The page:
Born in Tokyo in 1893, Michio Ito‘s family gave him a rich sense of Japanese tradition and also an openness to Western ideas. In 1911 he moved to Paris where he studied singing and was inspired by Vaslav Nijinsky and Isadora Duncan. Ito entered the Jaques-Dalcrose Institute at Hellerau, Germany in 1912 where he learned the 20 Dalcrose gestures that inspired the development of his technique.
At the outbreak of World War I, Ito fled to London where he was taken up by an elite circle of artists and began his career as a dancer. In 1916 he moved to New York where he spent the next twelve years continuing to develop his own dance technique. His eclectic study led him to develop an approach to dance that was a combination of both “Eastern” and “Western” art. Ito described Eastern art as spiritual and Western art as material. Both, he thought, were required to make perfect art.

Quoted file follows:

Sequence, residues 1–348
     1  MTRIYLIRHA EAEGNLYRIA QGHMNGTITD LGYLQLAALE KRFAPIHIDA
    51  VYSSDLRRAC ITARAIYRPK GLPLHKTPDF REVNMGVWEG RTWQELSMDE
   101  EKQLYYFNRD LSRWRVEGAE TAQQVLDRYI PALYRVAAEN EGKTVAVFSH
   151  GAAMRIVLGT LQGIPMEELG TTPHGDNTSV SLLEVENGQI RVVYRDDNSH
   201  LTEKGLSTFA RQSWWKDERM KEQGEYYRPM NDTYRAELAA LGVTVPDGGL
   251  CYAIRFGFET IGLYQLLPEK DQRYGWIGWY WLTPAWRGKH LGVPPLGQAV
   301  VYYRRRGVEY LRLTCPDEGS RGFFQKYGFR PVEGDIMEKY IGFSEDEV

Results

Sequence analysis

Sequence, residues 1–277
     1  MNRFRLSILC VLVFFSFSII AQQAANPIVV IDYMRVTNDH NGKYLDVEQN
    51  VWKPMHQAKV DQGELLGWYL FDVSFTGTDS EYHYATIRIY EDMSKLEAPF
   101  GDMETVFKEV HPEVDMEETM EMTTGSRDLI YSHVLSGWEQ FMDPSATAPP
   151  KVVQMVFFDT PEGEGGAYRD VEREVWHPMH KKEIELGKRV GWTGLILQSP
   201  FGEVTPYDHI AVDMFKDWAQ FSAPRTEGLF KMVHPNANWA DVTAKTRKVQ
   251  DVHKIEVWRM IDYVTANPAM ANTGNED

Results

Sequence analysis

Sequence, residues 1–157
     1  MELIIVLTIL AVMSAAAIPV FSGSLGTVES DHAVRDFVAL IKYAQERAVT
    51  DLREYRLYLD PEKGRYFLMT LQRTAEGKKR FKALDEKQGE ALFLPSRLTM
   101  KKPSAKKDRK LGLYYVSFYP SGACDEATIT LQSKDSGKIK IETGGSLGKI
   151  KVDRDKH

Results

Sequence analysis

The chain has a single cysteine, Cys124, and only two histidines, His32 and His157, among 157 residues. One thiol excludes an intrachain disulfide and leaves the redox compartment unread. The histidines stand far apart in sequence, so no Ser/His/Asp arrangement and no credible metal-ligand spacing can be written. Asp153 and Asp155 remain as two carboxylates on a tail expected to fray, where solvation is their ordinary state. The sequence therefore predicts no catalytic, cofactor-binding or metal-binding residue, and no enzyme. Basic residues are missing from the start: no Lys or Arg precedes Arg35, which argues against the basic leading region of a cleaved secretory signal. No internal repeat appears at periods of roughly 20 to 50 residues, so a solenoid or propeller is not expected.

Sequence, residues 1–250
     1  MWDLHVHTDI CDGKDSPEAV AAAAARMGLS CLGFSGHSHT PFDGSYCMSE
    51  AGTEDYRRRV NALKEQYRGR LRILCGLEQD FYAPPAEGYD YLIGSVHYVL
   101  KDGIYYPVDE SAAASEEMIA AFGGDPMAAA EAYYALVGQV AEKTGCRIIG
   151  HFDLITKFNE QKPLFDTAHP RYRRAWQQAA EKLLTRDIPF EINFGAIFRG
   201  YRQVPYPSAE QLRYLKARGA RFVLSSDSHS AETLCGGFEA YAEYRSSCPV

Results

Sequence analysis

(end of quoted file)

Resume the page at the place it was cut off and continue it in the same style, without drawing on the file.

In 1929 Ito moved to Los Angeles where he choreographed large symphonic works with hundreds of dancers in the Pasadena Rose Bowl and Hollywood Bowl. He also was director, scenic designer and/or choreographer for numerous theater productions and motion pictures.
Ito’s career in the United States came to an unfortunate end during World War II. Twenty four hours after the attack on Pearl Harbor, he was sent to a Japanese internment camp and later chose repatriation to Japan as part of a prisoner exchange rather than continued imprisonment. After the war, the American Occupation command appointed him head choreographer of the US army run theatre in Tokyo where he supervised production for the American troops. He resided in Tokyo until his death in 1961.